The method for finding the equation of the tangent at any point of a curve will be clear to you when you read our next example.
Example 7 Consider the curve defined by the equation ay2= x(x + a)2. Let us find the equation of the tangent to this curve at the point (a, 0). For this, we first shin the origin to (a, 0). The equation of the curve then becomes ay2=(xa)(xa+a)' or a? = x2 (x  a).
Geometrical Properties of Curves
We can also write this as a(x2 + y2)= x3 Now, the equation of the tangent to this curve at the origin will be given by ~ ( x ~ + ~ ~ ) = O =3~~+~2=0 a x 2 LY2
This is impossible, since the square of any real number has to be nonnegative. But we can write this as x =
I
+ iy, where i = ais an imaginary number.
Thus the equations of the tangents to the given curve at the point (a, 0) are x + a = iy (shifting back the origin).
+
I
In such cases we say that the curve has imaginary tangents at the point ( a , 0). Now that you have seen how to find the tangents to curves given by polynomial equations, let us try and categories the points on a given curve with the help of the tangents at those points. Applying the procedure used in the Example 7, you should be able to solve this exercise.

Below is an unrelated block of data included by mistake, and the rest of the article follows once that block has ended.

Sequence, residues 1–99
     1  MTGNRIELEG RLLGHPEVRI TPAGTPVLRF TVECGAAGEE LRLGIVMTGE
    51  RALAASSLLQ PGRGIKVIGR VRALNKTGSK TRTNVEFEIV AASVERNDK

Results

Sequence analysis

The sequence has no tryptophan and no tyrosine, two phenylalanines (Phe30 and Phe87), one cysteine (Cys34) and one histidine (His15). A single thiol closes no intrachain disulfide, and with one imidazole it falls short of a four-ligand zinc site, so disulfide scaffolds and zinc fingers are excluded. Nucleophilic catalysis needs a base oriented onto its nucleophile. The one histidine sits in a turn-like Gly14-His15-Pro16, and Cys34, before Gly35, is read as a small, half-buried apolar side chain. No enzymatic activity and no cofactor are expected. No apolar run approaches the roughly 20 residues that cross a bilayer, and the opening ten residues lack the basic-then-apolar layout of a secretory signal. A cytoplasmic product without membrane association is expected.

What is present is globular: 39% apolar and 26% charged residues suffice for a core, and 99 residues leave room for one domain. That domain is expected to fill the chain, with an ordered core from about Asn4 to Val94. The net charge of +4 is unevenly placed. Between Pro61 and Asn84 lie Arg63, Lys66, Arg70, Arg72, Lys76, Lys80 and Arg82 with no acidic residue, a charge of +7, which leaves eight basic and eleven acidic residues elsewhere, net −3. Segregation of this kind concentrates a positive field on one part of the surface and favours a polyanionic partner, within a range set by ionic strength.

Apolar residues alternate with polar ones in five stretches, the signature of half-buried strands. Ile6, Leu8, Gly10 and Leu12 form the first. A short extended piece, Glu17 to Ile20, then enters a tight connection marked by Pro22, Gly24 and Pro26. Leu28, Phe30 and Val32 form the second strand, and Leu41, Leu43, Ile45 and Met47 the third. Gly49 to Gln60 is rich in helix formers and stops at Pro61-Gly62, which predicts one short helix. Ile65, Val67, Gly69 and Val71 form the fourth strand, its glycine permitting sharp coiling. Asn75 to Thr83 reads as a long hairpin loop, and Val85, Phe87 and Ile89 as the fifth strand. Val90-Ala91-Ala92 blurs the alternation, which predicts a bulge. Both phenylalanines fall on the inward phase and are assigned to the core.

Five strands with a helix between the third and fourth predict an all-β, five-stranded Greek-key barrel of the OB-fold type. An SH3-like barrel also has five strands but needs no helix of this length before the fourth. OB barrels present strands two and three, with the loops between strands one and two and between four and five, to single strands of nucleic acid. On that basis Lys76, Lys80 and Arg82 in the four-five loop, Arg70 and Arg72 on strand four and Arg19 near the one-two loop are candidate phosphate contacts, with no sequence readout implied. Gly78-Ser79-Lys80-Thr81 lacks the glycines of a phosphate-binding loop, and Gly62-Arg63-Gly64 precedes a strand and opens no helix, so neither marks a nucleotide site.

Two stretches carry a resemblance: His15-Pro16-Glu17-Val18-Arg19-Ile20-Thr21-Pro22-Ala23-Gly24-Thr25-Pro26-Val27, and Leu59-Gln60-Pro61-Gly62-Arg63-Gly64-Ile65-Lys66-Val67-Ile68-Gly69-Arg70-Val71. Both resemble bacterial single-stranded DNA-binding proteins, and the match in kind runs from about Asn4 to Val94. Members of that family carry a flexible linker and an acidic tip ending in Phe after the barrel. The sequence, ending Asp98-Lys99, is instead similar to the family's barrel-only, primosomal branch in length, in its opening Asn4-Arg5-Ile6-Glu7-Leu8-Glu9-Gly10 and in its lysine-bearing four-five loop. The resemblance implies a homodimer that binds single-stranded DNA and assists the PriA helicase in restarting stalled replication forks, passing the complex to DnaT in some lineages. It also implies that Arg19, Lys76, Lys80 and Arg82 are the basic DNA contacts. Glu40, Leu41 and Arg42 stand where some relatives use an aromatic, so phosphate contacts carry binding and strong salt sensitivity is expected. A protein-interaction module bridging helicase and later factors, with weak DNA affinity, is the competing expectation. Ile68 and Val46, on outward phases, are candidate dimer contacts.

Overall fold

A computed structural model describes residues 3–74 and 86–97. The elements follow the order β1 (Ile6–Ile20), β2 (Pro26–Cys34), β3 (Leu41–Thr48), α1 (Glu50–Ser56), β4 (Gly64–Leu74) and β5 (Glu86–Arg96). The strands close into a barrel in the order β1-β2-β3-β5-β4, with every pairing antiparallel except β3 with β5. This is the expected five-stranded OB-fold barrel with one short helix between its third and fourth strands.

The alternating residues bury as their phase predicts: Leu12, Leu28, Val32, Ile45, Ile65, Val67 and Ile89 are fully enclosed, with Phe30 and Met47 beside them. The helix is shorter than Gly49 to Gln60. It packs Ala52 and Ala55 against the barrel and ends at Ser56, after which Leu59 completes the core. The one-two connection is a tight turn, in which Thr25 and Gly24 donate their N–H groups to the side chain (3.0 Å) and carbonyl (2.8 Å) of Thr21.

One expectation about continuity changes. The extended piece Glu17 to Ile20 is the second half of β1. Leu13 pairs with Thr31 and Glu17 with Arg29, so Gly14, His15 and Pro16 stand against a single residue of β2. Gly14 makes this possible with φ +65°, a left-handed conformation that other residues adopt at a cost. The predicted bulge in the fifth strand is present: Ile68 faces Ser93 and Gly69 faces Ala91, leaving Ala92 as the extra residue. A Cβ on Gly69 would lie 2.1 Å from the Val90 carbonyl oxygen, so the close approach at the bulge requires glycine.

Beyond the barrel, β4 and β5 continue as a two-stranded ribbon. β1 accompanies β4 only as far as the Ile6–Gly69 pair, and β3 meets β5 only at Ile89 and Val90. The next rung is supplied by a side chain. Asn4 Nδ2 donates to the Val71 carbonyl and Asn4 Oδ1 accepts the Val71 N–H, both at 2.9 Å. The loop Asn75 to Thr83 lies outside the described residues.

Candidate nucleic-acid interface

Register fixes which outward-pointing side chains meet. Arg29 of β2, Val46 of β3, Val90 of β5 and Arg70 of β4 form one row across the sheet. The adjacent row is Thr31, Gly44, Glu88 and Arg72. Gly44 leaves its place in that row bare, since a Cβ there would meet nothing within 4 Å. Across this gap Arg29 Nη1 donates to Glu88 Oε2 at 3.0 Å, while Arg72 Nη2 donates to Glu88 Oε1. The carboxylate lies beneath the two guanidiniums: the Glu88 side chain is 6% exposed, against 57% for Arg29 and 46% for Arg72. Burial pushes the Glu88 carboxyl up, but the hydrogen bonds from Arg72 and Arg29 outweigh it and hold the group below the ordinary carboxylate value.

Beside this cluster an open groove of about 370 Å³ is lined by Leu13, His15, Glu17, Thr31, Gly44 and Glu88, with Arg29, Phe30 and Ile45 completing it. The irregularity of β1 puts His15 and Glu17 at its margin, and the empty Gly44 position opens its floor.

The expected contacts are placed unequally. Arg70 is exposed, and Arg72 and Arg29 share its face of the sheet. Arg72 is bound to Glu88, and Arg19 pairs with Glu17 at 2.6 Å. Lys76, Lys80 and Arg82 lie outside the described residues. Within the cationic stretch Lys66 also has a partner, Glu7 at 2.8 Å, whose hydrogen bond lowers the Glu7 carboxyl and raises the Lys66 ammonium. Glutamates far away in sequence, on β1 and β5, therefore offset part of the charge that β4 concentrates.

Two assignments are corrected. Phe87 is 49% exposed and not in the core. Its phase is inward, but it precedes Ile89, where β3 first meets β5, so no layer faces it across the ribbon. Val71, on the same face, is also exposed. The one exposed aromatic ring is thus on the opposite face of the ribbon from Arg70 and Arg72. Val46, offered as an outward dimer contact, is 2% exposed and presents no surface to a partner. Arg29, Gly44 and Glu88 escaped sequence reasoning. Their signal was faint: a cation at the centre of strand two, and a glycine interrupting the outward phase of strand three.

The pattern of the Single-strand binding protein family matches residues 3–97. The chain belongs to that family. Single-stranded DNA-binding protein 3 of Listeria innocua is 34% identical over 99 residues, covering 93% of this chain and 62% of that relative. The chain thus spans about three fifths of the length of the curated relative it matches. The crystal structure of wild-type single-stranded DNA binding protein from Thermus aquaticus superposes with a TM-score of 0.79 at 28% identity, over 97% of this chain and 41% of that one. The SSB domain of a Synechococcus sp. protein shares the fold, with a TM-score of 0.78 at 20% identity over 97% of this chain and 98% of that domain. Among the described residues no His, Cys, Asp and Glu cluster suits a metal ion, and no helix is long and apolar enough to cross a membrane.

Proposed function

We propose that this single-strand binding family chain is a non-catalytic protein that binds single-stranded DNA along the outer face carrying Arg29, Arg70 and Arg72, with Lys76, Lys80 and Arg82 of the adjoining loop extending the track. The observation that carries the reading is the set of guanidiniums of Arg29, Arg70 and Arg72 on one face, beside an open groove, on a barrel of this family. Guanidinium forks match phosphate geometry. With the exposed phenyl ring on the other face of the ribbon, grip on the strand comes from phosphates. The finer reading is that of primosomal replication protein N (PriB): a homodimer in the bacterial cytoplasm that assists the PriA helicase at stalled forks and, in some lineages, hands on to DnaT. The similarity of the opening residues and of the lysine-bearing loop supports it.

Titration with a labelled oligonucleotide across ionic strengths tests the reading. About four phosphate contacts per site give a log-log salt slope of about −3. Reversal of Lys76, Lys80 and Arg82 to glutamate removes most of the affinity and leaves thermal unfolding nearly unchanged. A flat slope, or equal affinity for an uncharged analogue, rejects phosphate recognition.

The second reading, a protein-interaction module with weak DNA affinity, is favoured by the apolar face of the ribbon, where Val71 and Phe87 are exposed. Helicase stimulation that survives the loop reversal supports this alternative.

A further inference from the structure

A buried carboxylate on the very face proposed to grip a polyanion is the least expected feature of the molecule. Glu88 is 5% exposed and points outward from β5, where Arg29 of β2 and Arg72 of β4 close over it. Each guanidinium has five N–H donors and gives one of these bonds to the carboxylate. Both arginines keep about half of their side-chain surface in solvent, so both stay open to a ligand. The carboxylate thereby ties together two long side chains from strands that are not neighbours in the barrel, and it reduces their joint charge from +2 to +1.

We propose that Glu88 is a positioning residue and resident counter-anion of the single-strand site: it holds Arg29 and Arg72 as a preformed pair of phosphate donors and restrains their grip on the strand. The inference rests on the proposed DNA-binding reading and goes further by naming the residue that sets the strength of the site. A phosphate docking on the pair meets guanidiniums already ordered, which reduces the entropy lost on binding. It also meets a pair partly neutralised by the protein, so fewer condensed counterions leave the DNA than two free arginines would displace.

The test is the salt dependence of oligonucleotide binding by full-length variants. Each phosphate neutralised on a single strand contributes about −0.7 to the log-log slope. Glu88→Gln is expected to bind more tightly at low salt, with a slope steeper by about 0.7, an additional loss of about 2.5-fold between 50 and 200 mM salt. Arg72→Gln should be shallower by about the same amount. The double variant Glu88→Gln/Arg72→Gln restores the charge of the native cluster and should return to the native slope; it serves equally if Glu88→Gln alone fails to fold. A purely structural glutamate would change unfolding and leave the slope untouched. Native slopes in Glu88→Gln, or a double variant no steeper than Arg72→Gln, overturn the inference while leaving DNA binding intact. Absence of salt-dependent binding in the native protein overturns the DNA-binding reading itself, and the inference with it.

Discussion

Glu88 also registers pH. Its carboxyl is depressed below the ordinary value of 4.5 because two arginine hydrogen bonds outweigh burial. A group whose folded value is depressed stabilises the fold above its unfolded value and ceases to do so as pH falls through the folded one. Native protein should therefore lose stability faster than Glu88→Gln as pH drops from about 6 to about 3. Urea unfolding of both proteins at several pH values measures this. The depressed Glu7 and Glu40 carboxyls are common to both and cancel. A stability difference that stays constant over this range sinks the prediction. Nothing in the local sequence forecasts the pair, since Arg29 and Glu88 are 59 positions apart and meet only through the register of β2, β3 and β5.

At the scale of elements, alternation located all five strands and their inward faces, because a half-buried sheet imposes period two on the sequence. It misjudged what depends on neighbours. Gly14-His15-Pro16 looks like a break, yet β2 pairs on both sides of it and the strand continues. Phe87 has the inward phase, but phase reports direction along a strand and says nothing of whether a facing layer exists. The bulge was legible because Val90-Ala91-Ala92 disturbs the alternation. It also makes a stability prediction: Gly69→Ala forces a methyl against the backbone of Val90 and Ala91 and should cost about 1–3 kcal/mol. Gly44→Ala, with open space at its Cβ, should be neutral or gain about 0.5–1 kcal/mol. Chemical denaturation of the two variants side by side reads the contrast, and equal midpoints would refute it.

E
E 11) Find the equations of the tangents at the origin to each of the following curves
3.4.2 Classifying Singular Points An equation of the type y = qx) determines a unique value of y for a given value of x. This means, every straight line parallel to the yaxis meets the curve y = qx) in a unique point. However the equation of a curve is often given as f(x, y) = 0. If flx, y) is not a linear expression in y, then it may not be possible to write qx, y) = 0 in the form y = qx) uniquely. For example, if f(x, y) = xZ+ yZ a2,then qx, y) = 0 gives y = + ,/= This gives us two relations y =
and y = 
Jmof the type y
= F(x).
Each one of these two relations determines a certain portion or branch of the curve x2+y2=a2,asyoucanseefrom~ig. 11.
Points A and B are common to the two branches. Put, differently we can say that two branches of the circle x2+ yZ= a2pass through points A and B. We have a generic name, singular points, for points like A and B. A precise defmition is as follows : Definition 1If k branches of a curve pass through a point P on the curve f(x, y) = 0 and k > 1, then P is said to be a singular point or a multiple point of order k. Singular points of order two are known as double points. Thus the points A and B in Fig. 1l(c) are double points. Obviously, a curve will have more than one tangent at a singular point (one corresponding to each branch). Depending upon whether tangents at double points are distinct, coincident or imaginary, we shall give special names to such points. Definition 2 A double point is known as